Nice!!

More Story here
 
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Computing for Clean Water on the road to publication
9 Feb 2015


SummaryThe Computing for Clean Water team has written a paper describing the results of their research on World Community Grid. They’ve described the novel flow effect that all you volunteers helped discover. Their paper is currently under consideration at a prestigious journal.



The scientific process has many phases, and one of the most challenging of these is publishing results. What often amounts to years of a scientist’s working life has to be distilled to just a few pages, and done so in a way that is both clear and compelling - at least for other experts in the field. The team behind Computing for Clean Water worked for many months last year on drafting and polishing such an article, which sums up several years of work. Indeed, if we included all the processing time that you, the volunteers, have contributed to the project with your PCs and laptops, we could argue that the article represents many thousands of years of collective effort!
We have been waiting several months now to see whether we are amongst the lucky few, or whether we will have to revise our article and perhaps consider submitting it to a less demanding journal. Ultimately, the goal is to get the information out there so other people can benefit from it. So there is always a balance between wanting to ensure the broadest possible audience for our results by publishing in a top journal, and simply ensuring that the information is accessible to other scientists, by publishing in a more lenient one. In the case of Computing for Clean Water, it’s fair to say that the whole team behind this project feels an additional responsibility to the large community of volunteers, to do the best possible job of promoting their diligent efforts.

So thanks again to all the volunteers on Computing for Clean Water for your help and for your patience with this process. Rest assured that you will be the first to know when and where the results will be published.
Best of Luck, to them!!

Rest of the story...
 
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Database Upgrade: Saturday, February 28, 2015 at 03:00:00 UTC
24 Feb 2015

Word for Word:

Summary
Database upgrades will be performed Saturday, February 28th.



World Community Grid will be performing a database upgrade starting Saturday, February 28, 2015 at 03:00:00 UTC. The window for this maintenance activity is estimated to be 16 hours, although we anticipate the actual outage time will be less.

During this database upgrade, volunteer devices may not be able to fetch new research tasks or return completed work for a period of time. However the World Community Grid website will be available.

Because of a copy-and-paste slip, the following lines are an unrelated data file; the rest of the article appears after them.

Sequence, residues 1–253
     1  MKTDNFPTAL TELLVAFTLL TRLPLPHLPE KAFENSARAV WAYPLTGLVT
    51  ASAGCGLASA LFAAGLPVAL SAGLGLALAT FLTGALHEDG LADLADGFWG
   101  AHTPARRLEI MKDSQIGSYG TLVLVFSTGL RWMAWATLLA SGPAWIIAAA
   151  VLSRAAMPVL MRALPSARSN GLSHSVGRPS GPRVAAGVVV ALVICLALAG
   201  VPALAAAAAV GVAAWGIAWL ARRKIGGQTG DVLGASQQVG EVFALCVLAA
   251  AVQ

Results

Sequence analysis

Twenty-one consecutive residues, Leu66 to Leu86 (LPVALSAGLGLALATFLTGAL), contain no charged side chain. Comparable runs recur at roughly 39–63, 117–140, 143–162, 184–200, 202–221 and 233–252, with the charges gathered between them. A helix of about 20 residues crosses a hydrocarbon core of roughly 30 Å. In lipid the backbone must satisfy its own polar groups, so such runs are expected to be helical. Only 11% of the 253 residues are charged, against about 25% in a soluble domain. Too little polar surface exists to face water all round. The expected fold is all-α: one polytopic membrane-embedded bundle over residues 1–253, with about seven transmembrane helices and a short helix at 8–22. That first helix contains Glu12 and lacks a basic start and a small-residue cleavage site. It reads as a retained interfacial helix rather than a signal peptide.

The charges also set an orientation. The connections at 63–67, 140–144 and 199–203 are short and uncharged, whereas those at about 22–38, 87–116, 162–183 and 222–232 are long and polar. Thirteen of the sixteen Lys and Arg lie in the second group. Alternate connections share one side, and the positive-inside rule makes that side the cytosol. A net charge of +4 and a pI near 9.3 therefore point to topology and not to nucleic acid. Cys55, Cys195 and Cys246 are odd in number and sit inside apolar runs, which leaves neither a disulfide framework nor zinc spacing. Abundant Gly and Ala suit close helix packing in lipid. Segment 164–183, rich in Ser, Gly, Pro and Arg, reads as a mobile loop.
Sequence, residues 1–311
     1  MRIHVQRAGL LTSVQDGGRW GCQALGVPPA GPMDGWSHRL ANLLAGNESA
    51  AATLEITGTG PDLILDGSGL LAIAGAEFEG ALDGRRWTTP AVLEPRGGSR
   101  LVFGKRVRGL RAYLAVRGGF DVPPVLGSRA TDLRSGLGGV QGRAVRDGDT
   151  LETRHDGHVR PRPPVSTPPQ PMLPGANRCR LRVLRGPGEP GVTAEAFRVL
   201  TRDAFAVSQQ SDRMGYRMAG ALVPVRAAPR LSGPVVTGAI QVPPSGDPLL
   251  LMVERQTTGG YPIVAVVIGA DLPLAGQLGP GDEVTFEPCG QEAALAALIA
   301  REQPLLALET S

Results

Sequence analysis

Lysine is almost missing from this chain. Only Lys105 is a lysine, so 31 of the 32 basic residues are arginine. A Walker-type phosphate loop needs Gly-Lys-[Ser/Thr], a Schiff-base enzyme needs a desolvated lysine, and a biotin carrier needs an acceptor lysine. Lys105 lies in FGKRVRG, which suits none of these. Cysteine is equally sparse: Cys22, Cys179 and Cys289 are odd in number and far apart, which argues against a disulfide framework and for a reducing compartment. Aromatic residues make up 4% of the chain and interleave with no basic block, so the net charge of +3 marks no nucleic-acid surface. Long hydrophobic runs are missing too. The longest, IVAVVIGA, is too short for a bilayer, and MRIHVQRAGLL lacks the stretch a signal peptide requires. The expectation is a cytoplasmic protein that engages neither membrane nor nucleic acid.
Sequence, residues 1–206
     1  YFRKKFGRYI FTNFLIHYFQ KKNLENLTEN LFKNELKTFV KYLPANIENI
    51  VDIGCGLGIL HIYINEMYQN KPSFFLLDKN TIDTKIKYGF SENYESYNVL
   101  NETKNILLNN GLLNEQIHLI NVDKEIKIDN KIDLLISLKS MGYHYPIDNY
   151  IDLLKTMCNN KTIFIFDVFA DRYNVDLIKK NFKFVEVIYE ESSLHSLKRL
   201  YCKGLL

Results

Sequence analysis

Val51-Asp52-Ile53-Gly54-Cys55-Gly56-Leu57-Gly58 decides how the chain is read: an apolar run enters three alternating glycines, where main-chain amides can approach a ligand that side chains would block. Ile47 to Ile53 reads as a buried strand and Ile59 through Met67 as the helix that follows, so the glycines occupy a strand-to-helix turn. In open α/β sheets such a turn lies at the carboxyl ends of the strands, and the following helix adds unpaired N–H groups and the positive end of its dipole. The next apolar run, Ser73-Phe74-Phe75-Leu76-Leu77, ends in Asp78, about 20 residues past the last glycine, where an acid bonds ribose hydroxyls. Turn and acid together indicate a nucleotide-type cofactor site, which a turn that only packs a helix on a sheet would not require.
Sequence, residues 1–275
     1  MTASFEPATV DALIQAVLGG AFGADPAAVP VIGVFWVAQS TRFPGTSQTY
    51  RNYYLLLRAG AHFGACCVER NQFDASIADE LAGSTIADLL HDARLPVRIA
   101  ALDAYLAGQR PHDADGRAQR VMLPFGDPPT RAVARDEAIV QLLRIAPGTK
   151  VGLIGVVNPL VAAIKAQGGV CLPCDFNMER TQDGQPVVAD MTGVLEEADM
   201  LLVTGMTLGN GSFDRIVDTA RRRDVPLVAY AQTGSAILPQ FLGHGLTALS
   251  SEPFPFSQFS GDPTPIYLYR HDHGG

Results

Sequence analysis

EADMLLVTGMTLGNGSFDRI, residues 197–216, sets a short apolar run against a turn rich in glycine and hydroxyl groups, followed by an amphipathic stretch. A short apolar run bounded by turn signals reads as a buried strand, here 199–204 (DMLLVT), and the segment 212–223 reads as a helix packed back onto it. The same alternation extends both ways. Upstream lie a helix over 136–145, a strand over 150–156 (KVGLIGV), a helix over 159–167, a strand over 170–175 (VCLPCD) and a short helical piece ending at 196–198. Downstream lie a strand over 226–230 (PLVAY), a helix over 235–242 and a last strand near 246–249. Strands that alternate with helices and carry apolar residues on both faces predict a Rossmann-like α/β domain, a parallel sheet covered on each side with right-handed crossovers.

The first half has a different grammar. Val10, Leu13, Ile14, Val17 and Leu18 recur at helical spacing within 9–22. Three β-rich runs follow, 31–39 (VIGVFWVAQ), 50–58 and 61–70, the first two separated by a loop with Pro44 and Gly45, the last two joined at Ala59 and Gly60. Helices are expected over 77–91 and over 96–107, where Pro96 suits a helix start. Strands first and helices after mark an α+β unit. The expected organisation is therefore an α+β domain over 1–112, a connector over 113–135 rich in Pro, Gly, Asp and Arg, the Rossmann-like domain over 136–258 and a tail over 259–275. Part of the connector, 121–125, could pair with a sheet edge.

No action is required by the members, as the BOINC/World Community Grid software application will automatically reconnect to our servers once the upgrade is over.

Thank you again for your participation in World Community Grid!

So, Yea. Let's get those buffers pumped up an extra day. AND Be sure to Manually update Friday Night, or Day, if'n you prefer that! :laugh:

Proof.

 
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Seven quadrillion comparisons later, Uncovering Genome Mysteries is just getting started
26 Feb 2015



...The project expects to examine more than 200 million proteins, the majority of which were generated in environmental and ecological studies ranging from bacteria in marine ecosystems in Australia, to Amazon River samples from Brazil. Similarity data from these comparisons will lead to a better understanding of metabolic and structural functions of the predicted proteins in databases, and uncover many new features and cellular processes in microorganisms. Of the expected 20 quadrillion (20,000,000,000,000,000) comparisons in the project, about 36% have been completed thus far, equivalent to almost 8,000 CPU-years of computation.


Volunteers participating in the UGM project process work units that contain sets of protein sequences predicted from a variety of organisms, and compare those against each other. Every time a significant similarity between two sequences is detected, a line of output is written that contains the coordinates and information on the statistical significance of the similarity. All of the output data together allow us to trace functional predictions of unknown sequences when they are similar to sequences with known functions, and indicate how organisms and their biochemistry, metabolic functions, and other cellular processes relate to one another.
...Many applications in health, environment, and agriculture can be attributed to making use of such data. For example, they enabled the development of new strategies to fight pathogens that threaten human and animal health, and development of diagnostics, treatments, and preventions through appropriate design of vaccines. But there are many other applications to be discovered, in agriculture, industry or the environment, through the study of the wide variety of proteins and enzymes.
An awesome undertaking, already making waves!!

Even more good news, here!!